Eyespot resistance also seems low at 4, though with limited data available, Barry Barker says not to take too much notice of these values at this stage. Even so, RGT Gravity, like Diego, doesn’t carry the Pch1 resistance gene for eyespot, so this is an area that’ll need management by growers, explains Célia Bequain.


A small amount of seed is available this autumn after national listing and, having attended past RAGT open days, Chris Guest has seen a remarkable number of people show interest in the variety. “There’s no doubt it’ll sell out,” he says. “RGT Gravity is great for growers who are looking to chase yields to maximise their gross margins and gross outputs.”


Simon Howell credits this early availability of seed to the sheer volume of interest the variety has drawn. “We’ve had five businesses wanting to be involved with RGT Gravity, which is why it’s being pre-released.” The feedback from agronomists and farmers has been very positive and the third year of testing is looking to be exciting, he adds.

Green light for the grey list?

RGT Gravity is still in the candidate stage, and won’t be considered for inclusion on the Recommended List until this autumn at the earliest. However, Northants seed producer Andrew Pitts says there are many benefits of growing a ‘grey-list’ variety.


“As a seed producer, we’re always looking for the next new variety. It’s always done on trust between the grower and seed house and a greater premium is paid as there’s the risk of the grain not getting moved at harvest time,” he explains.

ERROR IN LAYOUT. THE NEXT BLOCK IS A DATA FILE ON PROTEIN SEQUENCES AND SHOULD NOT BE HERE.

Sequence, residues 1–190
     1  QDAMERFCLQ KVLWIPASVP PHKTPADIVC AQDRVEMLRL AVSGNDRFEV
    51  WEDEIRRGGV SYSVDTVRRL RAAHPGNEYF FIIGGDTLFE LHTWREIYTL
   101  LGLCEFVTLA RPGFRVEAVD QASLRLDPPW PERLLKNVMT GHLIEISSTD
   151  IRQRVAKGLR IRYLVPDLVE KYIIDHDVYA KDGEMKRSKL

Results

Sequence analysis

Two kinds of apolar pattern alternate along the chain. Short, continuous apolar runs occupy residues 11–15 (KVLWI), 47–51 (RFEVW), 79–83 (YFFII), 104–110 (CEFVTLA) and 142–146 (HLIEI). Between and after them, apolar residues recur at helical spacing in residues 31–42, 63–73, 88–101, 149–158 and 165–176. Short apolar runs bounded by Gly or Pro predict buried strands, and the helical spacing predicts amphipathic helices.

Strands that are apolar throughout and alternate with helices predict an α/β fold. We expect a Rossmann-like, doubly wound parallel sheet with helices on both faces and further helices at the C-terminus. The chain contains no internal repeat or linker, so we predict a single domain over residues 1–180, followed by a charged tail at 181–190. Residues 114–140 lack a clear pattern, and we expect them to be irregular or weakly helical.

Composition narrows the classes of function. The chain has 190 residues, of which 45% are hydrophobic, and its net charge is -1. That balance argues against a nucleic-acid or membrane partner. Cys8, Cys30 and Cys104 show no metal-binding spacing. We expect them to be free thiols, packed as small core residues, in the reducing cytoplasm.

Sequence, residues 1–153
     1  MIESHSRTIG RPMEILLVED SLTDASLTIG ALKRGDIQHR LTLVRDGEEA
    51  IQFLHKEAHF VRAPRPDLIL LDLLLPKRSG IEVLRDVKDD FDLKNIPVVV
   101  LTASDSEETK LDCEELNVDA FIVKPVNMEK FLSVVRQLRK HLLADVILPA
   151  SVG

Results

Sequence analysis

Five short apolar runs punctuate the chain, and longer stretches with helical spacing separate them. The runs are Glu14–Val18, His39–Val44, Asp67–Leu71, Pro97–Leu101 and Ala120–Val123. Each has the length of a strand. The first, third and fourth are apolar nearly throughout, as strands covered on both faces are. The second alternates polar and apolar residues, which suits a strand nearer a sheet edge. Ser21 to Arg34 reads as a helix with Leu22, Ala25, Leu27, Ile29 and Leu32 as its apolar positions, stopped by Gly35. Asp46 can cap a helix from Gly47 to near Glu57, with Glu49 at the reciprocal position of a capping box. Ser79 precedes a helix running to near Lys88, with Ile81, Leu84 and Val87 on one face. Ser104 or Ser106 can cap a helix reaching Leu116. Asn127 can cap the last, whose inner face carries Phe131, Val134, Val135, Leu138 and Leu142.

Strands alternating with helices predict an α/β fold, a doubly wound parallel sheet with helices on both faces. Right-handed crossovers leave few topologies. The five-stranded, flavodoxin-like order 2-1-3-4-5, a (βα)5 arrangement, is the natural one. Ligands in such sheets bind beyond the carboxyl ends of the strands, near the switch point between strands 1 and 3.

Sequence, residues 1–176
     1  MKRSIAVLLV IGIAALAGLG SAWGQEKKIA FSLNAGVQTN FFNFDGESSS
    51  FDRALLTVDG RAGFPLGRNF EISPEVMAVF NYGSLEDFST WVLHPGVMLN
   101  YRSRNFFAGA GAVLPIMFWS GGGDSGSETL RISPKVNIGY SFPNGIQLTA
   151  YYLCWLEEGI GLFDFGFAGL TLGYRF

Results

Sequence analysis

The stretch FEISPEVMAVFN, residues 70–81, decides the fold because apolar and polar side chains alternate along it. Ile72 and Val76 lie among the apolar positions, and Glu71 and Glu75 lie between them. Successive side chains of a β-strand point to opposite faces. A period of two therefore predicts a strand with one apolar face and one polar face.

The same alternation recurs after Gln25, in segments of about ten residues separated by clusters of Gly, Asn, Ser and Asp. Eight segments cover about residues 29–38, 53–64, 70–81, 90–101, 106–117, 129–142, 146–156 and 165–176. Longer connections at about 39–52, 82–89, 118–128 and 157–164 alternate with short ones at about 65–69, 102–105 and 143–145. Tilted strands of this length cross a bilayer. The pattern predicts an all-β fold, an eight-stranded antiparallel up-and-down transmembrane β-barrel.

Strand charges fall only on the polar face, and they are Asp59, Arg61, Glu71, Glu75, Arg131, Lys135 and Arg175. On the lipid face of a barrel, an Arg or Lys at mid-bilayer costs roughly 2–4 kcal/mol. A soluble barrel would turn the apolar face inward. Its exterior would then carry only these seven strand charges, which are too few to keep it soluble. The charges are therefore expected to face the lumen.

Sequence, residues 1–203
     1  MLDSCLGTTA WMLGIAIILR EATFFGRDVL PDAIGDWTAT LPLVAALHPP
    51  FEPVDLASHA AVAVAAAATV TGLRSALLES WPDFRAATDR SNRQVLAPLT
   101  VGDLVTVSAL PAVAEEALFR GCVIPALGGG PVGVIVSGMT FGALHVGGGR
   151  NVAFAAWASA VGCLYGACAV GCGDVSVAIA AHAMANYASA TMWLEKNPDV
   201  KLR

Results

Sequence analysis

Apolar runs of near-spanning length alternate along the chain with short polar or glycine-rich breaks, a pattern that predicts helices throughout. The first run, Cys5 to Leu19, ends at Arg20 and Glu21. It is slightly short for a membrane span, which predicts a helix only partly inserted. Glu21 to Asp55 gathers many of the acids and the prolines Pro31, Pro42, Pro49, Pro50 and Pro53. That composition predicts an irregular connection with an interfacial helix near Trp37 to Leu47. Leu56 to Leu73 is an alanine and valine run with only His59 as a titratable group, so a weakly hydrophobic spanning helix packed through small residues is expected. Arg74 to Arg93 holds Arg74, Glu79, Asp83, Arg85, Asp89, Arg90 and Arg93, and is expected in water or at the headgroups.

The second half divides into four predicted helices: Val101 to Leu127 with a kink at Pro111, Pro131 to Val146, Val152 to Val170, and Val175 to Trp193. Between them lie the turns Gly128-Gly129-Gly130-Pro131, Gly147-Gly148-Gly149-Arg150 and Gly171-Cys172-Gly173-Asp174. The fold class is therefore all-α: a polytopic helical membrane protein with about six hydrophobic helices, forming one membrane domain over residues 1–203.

Grey-list growers have direct contact with the breeder who advises them on any strengths and weaknesses the variety may have, as well as advising on ripening, straw strength and standing ability. From this, growers can tailor their management plans. Breeding, especially parentage, is very important, adds Andrew Pitts.


“There are lots of promising new varieties. By having them before they’re listed we’re learning to grow them before they reach the main market. You never know if you’re growing the next top variety. We had Skyfall two years before it even made it onto the RL.”


One of the main drawbacks of growing a pre-listed variety is if cash flow has been planned around Oct and Nov for normal post-harvest movement, as this doesn’t always happen. However, the compensation from the seed house covers this, he adds.


As a specialist seed grower, Andrew Pitts has grown a multitude of varieties, some that don’t even have names. When deciding whether to grow a potentially upcoming variety, he’s looking for good standing power to achieve maximum returns when harvesting, positive disease resistance, and something a commercial farmer would want to grow.


Applying these principles to RGT Gravity, it seems to tick all the boxes so far. “Overall, there’s a lot to like about it,” says Barry Barker. “Is this the new top yielding winter wheat variety for 2018?”

RGT Gravity at a glance